She recalled that when she and senior museum scientist Steve Heydon picked off the insects from the car parts — it took them seven or eight hours, "We found no butterflies — no painted ladies, no sulphur butterflies. That indicated to us that the car wasn't driven during the day, but at night.
"The insects we found were consistent with two major routes to get to California from the East," said Kimsey, adding that court testimony revealed "4,500 unaccounted-for miles" on the rental car.
During her five-hour testimony, illustrated with a PowerPoint presentation, the UC Davis entomologist showed the distribution of the insects on a U.S. map, and compared insect photos from the car parts with specimens from the Bohart Museum.
Kimsey identified the large grasshopper by its leg, comparing the size, coloration and markings to a specimen at the museum. She testified that the hind legs of the grasshopper "help us identify" the species. The size of the large leg (red with black markings) indicated that the grasshopper measured "close to two inches long."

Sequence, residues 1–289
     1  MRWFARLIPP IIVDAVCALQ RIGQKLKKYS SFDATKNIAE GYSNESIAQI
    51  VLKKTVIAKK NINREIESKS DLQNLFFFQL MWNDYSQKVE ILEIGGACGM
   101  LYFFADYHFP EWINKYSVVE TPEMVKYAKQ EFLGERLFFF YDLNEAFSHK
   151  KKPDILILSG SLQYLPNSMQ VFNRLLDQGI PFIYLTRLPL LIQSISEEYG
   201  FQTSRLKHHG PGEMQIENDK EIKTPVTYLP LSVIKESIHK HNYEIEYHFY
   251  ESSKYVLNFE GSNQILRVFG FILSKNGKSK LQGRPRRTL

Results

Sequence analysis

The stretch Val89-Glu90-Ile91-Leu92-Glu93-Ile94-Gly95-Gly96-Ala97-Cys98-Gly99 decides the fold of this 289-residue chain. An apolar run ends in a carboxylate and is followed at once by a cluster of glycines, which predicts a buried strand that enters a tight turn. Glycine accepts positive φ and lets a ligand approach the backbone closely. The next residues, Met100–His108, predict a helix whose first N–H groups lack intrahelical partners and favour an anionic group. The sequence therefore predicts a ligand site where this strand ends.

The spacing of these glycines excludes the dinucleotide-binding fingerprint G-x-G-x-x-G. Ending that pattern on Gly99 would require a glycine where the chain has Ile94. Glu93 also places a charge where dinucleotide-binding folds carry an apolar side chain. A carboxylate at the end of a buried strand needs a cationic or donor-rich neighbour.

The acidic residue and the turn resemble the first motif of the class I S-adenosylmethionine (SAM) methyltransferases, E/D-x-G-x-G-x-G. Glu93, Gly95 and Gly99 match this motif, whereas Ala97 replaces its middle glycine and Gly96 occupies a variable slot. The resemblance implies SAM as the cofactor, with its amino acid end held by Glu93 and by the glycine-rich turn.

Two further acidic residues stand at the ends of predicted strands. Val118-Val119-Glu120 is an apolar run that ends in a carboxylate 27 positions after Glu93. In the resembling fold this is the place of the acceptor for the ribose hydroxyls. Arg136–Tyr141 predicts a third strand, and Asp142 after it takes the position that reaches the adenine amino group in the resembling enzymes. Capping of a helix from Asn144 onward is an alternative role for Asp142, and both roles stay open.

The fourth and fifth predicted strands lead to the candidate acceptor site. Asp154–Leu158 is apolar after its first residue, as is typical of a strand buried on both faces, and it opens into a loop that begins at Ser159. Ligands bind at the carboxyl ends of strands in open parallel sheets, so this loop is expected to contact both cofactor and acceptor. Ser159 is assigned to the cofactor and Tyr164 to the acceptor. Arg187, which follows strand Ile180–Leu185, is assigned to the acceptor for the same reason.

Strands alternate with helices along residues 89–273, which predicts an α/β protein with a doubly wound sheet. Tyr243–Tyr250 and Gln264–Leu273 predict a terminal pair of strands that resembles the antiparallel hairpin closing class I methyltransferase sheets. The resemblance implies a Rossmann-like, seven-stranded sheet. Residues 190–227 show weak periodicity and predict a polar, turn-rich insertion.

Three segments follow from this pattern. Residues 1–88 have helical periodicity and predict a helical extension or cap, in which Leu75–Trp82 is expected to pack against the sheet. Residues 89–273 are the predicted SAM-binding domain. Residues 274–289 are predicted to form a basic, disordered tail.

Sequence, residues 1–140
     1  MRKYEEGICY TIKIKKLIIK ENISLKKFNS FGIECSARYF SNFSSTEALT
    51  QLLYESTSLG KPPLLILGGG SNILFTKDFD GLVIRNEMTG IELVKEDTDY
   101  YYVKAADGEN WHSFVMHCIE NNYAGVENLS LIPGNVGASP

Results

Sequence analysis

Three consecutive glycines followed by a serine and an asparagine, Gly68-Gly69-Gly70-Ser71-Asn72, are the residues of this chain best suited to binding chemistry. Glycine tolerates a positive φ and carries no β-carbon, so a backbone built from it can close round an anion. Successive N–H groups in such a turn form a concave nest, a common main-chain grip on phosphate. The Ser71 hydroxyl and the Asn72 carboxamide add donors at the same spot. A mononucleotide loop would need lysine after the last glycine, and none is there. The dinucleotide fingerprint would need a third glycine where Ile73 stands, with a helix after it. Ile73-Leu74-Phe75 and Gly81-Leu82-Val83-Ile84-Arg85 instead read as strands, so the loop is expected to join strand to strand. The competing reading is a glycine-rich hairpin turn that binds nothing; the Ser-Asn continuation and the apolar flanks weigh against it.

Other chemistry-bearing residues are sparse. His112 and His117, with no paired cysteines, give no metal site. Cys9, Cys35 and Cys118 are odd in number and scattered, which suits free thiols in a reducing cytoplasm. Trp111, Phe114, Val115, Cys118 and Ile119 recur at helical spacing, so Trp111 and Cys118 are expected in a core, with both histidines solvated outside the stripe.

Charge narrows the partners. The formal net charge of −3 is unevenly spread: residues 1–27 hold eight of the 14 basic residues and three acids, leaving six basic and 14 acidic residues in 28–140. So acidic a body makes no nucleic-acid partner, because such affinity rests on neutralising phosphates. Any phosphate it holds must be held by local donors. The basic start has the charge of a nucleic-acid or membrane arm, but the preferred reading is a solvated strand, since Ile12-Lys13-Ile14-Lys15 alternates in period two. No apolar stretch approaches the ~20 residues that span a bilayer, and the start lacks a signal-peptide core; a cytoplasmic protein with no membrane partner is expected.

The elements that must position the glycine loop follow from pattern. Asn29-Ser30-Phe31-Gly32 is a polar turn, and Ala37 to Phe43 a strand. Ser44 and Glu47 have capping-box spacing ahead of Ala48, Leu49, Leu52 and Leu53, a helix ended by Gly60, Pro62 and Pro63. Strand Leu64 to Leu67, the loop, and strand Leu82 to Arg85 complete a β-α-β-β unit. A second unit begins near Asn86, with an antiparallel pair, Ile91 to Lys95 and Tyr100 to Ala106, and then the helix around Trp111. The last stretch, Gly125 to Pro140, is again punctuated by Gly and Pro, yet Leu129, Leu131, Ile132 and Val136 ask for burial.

"The jury seemed very interested in what I had to say," Kimsey said.
Following her testimony, the defense called four entomologists to counter her evidence — three from Purdue University and one from the University of Illinois at Urbana-Champaign.
"The defense tried to make a case that insects are easily distributed," Kimsey said. They also questioned her expertise in diagnostics, systematics, field work and publications.
But Green, the prosecutor, said it was evident that the defense witnesses did not have "near the expertise or credentials" of Kimsey.
She was trained by world-renowned UC Davis entomologist Richard M. Bohart, who passed away earlier this year and who founded the Bohart Museum in 1946.
Today, the Bohart is one of the country's largest insect museums, and director Kimsey has identified insects for more than 30 years. She manages the insect diagnostic service on the UC Davis campus (through the Department of Entomology). The author of some 90 publications, she focuses her research on the biology and evolution of insects; biogeography of insects; functional morphology, dealing with the form and structure of insects; and systematics, or the science of classification.
But, she pointed out, "I've never been to a criminal court before. It was nothing like what Hollywood portrays it. It was all seriousness. The judge tolerated little off-track behavior."
Even so, Kimsey suspects that she and the Bohart Museum will wing their way back into the courtroom again.
"This may open up a whole new path for us," she said.
Resource: See Wikipedia entry